Tuesday, June 14, 2016
Tesla Targeted for Safety Concerns
Federal regulators dropped a massive bomb on Tesla recently, releasing reports about a flaw in some Tesla models that could reportedly cause a driver to lose control of a vehicle. As a counterpunch, the NHTSA said they would look into allegations that Tesla had asked some owner to sign non-disclosure agreements before the automaker would pay for repairs.
As reported by CNN, NHTSA director of communications Bryan Thomas said, “NHTSA learned of Tesla's troublesome nondisclosure agreement last month… The agency immediately informed Tesla that any language implying consumers should not contact the agency regarding safety concerns is unacceptable, and NHTSA expects Tesla to eliminate any such language.”
All of these allegations, which could blossom into a PR problem for Elon Musk, even as his SpaceX is blowing people’s minds, stemmed from complaints from Tesla Model S owners that the cars’ front suspensions appear to be failing, which could potentially cause a driver to lose control of the vehicle.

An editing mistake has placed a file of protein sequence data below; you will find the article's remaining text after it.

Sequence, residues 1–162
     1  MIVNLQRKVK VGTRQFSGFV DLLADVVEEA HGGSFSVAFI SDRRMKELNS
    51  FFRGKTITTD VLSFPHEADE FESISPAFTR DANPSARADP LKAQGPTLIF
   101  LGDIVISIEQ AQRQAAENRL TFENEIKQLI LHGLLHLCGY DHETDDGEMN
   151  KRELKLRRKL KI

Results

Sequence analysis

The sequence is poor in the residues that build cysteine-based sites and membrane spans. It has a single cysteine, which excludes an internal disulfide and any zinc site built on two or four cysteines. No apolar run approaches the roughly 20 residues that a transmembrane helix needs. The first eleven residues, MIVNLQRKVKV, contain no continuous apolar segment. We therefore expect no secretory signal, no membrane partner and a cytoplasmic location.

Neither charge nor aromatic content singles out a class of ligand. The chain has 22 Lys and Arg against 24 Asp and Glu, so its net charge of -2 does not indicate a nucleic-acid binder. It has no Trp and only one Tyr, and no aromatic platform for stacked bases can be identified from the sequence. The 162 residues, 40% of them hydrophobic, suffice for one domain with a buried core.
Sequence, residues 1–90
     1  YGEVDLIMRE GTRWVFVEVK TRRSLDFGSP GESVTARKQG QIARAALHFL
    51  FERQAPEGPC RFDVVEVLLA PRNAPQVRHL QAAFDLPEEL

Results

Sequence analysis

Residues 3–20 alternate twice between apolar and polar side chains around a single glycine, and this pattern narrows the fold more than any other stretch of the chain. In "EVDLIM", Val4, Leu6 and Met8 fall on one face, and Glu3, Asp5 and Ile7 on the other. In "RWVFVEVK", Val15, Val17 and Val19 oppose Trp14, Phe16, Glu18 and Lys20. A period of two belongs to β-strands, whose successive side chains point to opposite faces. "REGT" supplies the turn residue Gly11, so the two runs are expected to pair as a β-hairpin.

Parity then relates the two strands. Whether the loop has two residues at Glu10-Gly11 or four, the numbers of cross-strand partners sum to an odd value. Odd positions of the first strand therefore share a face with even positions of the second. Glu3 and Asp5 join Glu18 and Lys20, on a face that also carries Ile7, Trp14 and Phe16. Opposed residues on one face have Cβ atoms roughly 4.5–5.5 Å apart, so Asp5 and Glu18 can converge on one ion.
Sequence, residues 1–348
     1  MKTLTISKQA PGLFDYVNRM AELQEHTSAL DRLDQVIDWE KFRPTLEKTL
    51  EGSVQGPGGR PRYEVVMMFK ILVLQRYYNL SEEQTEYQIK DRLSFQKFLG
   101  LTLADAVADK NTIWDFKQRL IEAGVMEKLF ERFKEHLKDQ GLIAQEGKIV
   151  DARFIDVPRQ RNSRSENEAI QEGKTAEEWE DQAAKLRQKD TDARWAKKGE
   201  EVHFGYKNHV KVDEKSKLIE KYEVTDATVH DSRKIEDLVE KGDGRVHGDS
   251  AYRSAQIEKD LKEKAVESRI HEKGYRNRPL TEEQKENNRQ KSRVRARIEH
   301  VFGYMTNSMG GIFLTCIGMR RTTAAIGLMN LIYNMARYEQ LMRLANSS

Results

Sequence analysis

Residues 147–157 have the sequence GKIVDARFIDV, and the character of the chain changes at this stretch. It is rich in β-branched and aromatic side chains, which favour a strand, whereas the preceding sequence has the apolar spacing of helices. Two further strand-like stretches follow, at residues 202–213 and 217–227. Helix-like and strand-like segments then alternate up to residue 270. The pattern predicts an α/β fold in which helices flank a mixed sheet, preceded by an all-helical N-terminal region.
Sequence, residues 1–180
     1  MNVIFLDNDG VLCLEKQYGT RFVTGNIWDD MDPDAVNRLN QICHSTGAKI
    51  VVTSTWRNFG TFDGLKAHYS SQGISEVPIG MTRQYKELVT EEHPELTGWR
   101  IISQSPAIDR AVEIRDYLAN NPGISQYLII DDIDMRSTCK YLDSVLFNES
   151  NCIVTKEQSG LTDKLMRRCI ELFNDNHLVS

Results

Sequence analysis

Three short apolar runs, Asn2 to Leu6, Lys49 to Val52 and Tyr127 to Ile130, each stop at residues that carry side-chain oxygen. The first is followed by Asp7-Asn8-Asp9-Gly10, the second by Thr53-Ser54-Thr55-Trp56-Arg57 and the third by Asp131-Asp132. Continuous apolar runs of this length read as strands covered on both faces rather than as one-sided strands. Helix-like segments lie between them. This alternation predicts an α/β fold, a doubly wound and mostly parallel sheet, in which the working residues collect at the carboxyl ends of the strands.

Tesla, as expected, fired back at both allegations…
The day after the NHTSA went public with its report, Tesla flatly denied any “widespread issue” related to the suspension parts in question. Targeting a blog post which blew the whistle on these supposed issues, Tesla said the vehicle in question had been subjected to “extreme use” and “accelerated wear.”
That second term came up in a previous Tesla disclosure, technical service bulletin, in which the company disclosed the suspension problem on certain model years of the S. The bulletin included detailed instructions for mechanics working on the vehicles, however it also stipulated the issue was not considered, by them, to be a “serious safety issue”.
The agreements regulators called legally troubling, Tesla officials referred to as “Goodwill Agreements.” Though Tesla reps said customers had agreed not to talk about suspension problems or any necessary repairs, they added these agreements were not coerced. However, the company’s explanation for the “agreement” proved troubling for regulators. According to Tesla, the point of the agreement was to block any admission of fault being leveled at the company when it opted to pay for necessary repairs beyond the normal warranty period.
Critics are not buying that excuse, and automotive watchdogs outside the NHTSA are beginning to take notice. Tesla needs to get a handle on this situation before it gains any traction and derails an otherwise impressive electric car brand.